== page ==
Travel Guide – Your Questions Answered to Vilankulo

Honeymoon packages, family holidays and diving specials all start in Vilankulo town, the gateway to Mozambique’s Bazaruto Archipelago. Meanwhile, in the Vilanculos region, life has not changed for centuries – the fishermen still fish with nets at the edge of the sea and farmers still grow cashew nuts near their rural thatched villages.

A wide variety of Mozambique accommodation options in Vilankulo suit all budgets and tastes – from camping, backpacking and self-catering, to lodges, resorts and luxurious hotels.

Vilanculos borders the Bazaruto Archipelago so dhows travel between this port and the islands. The airport is based just outside the town with daily flights to and from South Africa and other international countries. Contact one of our consultants to organise your Vilankulo special package holiday today.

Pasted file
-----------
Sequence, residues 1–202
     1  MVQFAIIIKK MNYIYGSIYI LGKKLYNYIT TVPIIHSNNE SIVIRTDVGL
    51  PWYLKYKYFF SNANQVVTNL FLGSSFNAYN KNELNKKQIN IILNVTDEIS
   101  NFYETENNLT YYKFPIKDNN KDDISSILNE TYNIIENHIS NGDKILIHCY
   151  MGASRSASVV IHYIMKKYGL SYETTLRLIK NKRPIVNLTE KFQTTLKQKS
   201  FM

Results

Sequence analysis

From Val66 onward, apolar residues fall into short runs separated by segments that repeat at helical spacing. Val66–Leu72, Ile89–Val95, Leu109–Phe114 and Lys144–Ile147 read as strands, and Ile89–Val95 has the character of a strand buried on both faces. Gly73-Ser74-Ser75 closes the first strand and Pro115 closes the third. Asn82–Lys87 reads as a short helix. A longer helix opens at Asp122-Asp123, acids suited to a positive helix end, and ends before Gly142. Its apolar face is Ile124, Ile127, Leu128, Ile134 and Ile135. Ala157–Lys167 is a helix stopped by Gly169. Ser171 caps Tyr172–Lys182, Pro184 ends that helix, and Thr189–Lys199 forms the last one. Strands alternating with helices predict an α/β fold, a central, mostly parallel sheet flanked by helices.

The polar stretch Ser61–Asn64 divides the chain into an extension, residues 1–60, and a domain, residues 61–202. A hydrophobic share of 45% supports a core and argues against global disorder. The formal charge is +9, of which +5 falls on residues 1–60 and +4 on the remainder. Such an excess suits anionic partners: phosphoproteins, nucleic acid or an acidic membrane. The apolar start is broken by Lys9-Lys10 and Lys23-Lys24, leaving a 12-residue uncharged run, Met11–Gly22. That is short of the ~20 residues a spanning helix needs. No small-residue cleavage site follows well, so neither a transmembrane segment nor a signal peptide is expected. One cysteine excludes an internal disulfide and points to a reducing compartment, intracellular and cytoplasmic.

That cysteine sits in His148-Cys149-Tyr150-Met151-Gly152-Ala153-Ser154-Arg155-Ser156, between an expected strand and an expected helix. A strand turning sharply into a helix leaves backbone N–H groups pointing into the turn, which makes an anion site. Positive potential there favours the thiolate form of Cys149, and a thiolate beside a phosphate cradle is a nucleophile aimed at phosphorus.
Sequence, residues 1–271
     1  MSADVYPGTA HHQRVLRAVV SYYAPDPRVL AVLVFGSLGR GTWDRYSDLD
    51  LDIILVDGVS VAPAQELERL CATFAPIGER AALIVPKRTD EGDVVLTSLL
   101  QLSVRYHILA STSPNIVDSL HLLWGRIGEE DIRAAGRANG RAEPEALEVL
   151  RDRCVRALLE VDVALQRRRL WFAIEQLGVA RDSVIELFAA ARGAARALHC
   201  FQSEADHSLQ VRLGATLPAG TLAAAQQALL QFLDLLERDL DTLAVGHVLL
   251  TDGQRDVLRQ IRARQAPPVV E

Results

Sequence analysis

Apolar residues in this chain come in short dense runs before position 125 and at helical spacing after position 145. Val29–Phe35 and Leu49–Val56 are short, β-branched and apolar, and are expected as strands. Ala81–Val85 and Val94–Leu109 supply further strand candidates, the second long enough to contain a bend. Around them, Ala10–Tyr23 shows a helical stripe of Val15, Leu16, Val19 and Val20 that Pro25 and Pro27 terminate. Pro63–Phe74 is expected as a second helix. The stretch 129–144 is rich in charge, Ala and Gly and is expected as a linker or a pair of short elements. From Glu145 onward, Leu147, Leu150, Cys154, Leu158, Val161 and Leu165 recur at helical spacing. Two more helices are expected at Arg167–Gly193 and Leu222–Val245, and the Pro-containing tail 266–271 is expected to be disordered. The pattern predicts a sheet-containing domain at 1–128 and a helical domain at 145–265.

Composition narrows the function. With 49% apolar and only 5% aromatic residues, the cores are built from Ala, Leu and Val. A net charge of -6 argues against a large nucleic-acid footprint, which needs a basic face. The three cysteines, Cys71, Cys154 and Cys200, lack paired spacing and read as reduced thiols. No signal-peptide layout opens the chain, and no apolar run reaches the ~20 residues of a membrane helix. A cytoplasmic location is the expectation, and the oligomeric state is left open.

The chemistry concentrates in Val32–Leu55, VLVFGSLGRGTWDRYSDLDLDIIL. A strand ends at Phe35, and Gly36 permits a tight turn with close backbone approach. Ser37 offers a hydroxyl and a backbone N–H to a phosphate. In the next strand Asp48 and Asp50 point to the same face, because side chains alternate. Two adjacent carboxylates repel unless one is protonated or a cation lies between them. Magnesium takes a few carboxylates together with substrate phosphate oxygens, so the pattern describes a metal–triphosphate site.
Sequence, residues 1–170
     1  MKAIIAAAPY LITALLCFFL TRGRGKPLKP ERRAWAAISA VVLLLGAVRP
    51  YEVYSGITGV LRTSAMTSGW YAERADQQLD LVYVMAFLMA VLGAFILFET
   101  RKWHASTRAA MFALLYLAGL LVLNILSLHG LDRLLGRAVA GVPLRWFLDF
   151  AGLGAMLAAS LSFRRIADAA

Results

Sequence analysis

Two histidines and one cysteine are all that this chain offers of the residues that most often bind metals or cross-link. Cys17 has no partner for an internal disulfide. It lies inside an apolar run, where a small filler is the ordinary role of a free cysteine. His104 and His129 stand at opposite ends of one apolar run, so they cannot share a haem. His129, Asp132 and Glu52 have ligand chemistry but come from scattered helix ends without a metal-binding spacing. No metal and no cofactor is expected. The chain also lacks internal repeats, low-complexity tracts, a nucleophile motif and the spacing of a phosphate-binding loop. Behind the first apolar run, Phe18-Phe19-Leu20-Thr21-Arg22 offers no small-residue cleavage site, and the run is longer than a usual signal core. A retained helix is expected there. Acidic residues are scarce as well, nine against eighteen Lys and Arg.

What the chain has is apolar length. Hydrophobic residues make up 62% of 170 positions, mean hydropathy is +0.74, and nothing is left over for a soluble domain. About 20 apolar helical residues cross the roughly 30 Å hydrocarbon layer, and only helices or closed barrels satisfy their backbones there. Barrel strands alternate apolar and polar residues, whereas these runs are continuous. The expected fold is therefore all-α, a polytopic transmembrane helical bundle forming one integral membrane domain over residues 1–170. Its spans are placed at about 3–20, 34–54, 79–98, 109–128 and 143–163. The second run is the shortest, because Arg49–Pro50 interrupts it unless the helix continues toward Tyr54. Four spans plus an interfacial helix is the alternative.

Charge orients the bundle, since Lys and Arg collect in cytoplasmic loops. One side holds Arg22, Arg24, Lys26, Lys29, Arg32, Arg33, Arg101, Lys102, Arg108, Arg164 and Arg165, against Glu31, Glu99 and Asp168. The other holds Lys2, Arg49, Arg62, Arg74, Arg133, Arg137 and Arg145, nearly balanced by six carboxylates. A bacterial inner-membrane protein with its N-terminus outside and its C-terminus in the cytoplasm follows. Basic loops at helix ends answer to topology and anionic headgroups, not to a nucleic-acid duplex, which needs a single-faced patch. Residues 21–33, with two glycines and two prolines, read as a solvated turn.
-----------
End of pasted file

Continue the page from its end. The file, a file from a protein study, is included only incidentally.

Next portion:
Getting to Vilankulo:

Flights from Johannesburg and Maputo land daily at Vilanculos airport. International visitors may need to first stop over in Johannesburg or Maputo. Travel by road from South Africa’s Komatipoort border on tar makes life easier but be aware of potholes and road works. Just before reaching Maputo, turn left towards Vilankulo, some 700 kilometres from Maputo. You can try the excellent coach service from Maputo or Beira and the small vans taking 15 people from Inhambane.

Once you have arrived in Vilankulo, you can walk around the town, seeing the old and the new. Fishermen will be pleased to know that this is the best Marlin fishing destination in the eastern Indian Ocean, from October through to January annually! Named after the local tribal chief, Gamala Vilankulo, the town is called Vilankulo, the district and airport being Vilanculos.

This town is the gateway to the Bazaruto Archipelago so boats and dhows come and go. There are plenty of water sports and eating out places in Vilankulo so spend a few days exploring the town before finding an island retreat.

What to bring:

Visa and passport, insect repellent, hats, sun cream, malaria medication, camera, loose cool clothing and swimming costumes. Don’t forget extra camera film and batteries!

 

 

ABOUT THE AUTHOR

Hazel, Published on:- August 19, 2015